Invasive plant species can threaten the biodiversity and resilience of riparian ecosystems. A vegetation assessment of the riparian zone beside the Stoney Creek Off-Channel Habitat Project compared with a non-restored site and a previously replanted site showed that the sites were significantly different in their vegetation composition. All three sites had several invasive species of concern playing dominant roles in the ecosystem with the most common two species being English ivy (Hedera helix) and Himalayan blackberry (Rubus discolor). The previously restored site had significantly lower levels of invasive English ivy than the non-restored site. The non-restored site had greater total foliar cover than the other sites, but this was mostly covered by invasive species. The project site was only significantly different from the reference sites by having greater ivy levels on trees and a higher number of red alders (Alnus rubra). These results, along with the qualitative differences noted in the composition of the Off-Channel habitat from the previously restored stream area, suggests that further restoration and replanting needs to take place around the Off-Channel habitat area.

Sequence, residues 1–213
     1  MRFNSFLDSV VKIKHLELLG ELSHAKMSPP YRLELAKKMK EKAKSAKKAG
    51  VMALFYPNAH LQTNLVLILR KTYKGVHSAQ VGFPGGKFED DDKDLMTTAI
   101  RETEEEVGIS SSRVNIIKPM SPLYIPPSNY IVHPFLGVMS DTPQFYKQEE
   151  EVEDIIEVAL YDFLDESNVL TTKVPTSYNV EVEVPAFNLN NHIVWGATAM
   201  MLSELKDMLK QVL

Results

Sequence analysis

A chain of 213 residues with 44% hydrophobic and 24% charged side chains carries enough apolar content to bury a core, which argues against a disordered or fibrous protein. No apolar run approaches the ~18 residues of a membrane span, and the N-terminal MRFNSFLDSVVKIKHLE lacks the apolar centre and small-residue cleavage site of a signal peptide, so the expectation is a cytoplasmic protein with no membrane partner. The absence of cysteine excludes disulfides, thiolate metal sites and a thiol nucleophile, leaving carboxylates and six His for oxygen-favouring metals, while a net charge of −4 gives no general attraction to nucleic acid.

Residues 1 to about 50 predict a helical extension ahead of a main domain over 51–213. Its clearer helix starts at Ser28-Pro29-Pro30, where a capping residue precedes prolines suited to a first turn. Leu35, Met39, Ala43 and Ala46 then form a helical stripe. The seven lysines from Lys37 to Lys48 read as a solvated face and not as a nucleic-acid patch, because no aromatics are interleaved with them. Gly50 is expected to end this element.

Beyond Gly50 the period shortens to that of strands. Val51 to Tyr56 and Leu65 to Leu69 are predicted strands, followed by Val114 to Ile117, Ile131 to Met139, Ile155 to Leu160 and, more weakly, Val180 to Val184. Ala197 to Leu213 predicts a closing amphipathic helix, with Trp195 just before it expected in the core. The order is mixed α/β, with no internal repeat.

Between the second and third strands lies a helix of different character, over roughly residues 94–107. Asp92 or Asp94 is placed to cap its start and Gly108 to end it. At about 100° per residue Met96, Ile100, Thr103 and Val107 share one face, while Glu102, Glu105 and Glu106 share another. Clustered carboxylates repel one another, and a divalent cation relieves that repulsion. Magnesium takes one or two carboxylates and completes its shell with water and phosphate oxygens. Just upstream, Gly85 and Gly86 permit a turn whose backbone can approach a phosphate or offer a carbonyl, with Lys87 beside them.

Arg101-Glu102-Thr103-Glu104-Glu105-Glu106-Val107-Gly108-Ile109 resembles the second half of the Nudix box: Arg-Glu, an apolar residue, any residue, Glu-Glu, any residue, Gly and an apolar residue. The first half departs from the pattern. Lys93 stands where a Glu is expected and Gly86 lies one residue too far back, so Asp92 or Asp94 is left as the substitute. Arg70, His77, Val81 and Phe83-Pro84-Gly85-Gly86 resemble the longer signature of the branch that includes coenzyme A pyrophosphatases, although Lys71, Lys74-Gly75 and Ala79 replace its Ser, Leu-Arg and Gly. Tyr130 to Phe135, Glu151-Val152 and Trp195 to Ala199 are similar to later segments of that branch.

Copyright is held by the author(s).
You are free to copy, distribute and transmit this work under the following conditions: You must give attribution to the work (but not in any way that suggests that the author endorses you or your use of the work); You may not use this work for commercial purposes.
Member of collection